Making an impact – the hope for a new British Standard on robustness

BS 5234 was introduced in 1992 with the intention of giving designers greater scope for specifying drywall systems and accounting for the conditions in which they will be used, but it is a much misunderstood Standard as Steve Halcrow explains.

When we talk to designers about strength and robustness of drywall partitions they invariably make the assumption that we are talking purely about impact resistance, an assumption made without realising and usually without knowing that there are other elements that should also be considered.

Before the inception of BS 5234 partitions were basically designed based on their overall stiffness, a function of the size and centres of the studs, the thickness and number of layers of board, and the height to which they were to be built. There was no formal consideration given to impact resistance and generally it was a case of just making the board thicker or using a double layer to make it more robust. In fairness there were fewer boards around then, and most of the “technical” boards which are now part of everyday drywall life did not exist, so the options were limited.

The arrival of BS 5234 meant that designers could now choose systems suitable for a range of uses. A partition constructed in a domestic dwelling will have very different usage requirements to one built in a school or public circulation area, and the Standard set out to make this clear and offer a method for selecting which option should be used in a given application.

It uses a method which consists of separating the basic ‘stiffness’ of a wall (the only real criterion for selecting a system in the ‘old’ way) from its resistance to dynamic impact from furniture, trolleys, human interaction, etc. By assessing and combining the capability of the wall to withstand these different conditions a designer could specify more accurately what they needed. The Standard also brings in other practical factors such as shelf loadings, door slams, sanitary ware fixings, etc, where required (though these are often overlooked).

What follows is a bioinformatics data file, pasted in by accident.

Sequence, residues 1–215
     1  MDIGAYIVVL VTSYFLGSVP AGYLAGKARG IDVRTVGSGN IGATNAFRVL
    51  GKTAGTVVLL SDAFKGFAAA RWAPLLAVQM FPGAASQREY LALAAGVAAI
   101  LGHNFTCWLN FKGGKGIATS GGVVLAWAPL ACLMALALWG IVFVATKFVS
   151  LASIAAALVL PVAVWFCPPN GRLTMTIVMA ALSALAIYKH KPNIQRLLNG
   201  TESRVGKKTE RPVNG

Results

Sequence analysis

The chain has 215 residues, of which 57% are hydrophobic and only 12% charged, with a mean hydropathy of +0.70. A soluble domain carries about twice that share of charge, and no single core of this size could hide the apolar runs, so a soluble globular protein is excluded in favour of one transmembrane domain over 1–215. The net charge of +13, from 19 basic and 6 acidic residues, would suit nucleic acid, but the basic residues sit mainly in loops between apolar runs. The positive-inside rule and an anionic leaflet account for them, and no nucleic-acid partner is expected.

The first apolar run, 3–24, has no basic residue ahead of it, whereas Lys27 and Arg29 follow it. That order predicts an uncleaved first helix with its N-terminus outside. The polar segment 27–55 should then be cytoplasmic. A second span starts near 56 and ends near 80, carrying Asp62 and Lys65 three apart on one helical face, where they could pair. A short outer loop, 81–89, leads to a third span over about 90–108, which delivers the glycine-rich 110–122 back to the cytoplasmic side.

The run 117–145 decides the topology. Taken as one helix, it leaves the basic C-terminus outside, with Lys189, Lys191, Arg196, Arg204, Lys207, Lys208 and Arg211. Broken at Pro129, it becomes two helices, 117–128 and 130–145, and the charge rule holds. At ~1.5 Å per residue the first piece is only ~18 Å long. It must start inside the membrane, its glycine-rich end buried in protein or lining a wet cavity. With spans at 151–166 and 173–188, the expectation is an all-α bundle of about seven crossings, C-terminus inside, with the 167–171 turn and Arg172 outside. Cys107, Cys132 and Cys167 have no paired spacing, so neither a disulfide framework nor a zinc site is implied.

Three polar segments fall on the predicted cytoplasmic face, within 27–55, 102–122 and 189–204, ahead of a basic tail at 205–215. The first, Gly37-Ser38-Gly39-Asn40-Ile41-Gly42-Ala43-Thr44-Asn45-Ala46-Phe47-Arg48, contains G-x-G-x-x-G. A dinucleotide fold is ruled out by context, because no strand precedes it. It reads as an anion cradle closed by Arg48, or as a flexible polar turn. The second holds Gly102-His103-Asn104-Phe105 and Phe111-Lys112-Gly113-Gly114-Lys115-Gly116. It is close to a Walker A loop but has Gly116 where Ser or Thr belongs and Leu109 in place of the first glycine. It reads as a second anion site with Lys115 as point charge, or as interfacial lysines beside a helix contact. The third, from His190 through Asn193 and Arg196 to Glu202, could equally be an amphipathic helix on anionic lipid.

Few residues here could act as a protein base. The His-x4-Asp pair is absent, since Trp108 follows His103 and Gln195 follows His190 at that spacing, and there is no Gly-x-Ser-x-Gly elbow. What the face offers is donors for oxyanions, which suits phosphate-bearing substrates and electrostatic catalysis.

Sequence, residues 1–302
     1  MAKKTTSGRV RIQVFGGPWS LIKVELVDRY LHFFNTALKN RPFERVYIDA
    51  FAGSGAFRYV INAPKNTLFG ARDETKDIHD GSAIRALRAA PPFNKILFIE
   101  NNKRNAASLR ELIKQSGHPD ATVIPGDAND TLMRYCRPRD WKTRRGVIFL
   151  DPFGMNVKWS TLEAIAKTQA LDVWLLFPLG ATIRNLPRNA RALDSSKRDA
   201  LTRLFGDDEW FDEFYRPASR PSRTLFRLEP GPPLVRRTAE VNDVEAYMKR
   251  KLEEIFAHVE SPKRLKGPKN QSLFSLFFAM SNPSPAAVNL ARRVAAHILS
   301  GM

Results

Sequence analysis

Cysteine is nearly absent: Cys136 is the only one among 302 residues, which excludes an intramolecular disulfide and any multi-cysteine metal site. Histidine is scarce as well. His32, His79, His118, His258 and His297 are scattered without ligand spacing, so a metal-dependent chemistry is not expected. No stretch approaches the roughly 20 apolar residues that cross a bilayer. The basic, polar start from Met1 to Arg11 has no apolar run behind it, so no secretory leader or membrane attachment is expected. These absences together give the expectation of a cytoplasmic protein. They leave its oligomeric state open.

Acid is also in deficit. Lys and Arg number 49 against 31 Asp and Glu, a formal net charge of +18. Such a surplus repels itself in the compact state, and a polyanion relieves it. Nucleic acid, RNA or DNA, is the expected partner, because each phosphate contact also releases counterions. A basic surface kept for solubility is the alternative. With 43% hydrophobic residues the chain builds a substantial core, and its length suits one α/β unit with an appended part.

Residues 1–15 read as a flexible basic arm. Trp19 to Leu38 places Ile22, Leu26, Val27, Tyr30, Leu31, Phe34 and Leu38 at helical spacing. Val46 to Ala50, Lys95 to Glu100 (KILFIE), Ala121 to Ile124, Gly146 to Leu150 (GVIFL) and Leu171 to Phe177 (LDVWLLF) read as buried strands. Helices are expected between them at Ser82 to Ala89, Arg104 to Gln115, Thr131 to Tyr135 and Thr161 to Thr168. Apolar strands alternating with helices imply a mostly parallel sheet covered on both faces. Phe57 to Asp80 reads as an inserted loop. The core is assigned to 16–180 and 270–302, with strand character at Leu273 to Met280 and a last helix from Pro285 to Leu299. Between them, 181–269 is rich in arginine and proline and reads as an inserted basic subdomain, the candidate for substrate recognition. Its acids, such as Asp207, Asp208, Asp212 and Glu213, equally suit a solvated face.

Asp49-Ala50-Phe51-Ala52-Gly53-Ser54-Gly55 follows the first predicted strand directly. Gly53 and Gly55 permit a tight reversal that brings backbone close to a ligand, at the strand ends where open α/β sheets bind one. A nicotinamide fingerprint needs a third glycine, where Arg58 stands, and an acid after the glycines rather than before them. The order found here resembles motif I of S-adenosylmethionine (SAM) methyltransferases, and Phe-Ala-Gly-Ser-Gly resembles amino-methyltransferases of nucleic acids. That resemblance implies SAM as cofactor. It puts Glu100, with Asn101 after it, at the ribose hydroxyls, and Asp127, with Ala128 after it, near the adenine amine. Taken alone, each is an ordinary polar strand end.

In principle it is simple: first, make sure the partition is designed to accommodate the height to which it will be built, then check that the type and thickness of board is adequate for the ‘impact’ load it is forecast to experience in use. To comply with the Standard the system should satisfy these criteria and then the relevant additional ones such as those listed above.

What has happened in practice is that the Standard is widely misunderstood, probably attributable at least in part to its rather complex explanation of the recommendations it contains. Unfortunately the predictable result of confusion among designers is a tendency to revert to the ‘safe’ option, meaning the appearance of a plethora of specifications containing the words ‘Severe Duty’ at every turn.

In fact there are many instances where ‘Heavy’ or even ‘Medium’ duty under the Standard would be more than adequate for a given application, but we still see ‘Severe’ called up by the designer, for the reasons given. This is the go-to classification when one doesn’t understand the other options, but of course it results in over-specification on many an occasion and along with this comes unnecessary complexity of designs to manage and build, and of course additional cost.

Thankfully, prompted by a request from the GPDA, it appears likely that the Standard will soon be reviewed and the opportunity will be seized to remove the veil of mystery and confusion, with an improved BS being the ultimate result. Work should begin on this soon and we will keep you abreast of progress through these pages. We will also produce a members’ guide to the key points of the Standard, which will be available through the FPDC website.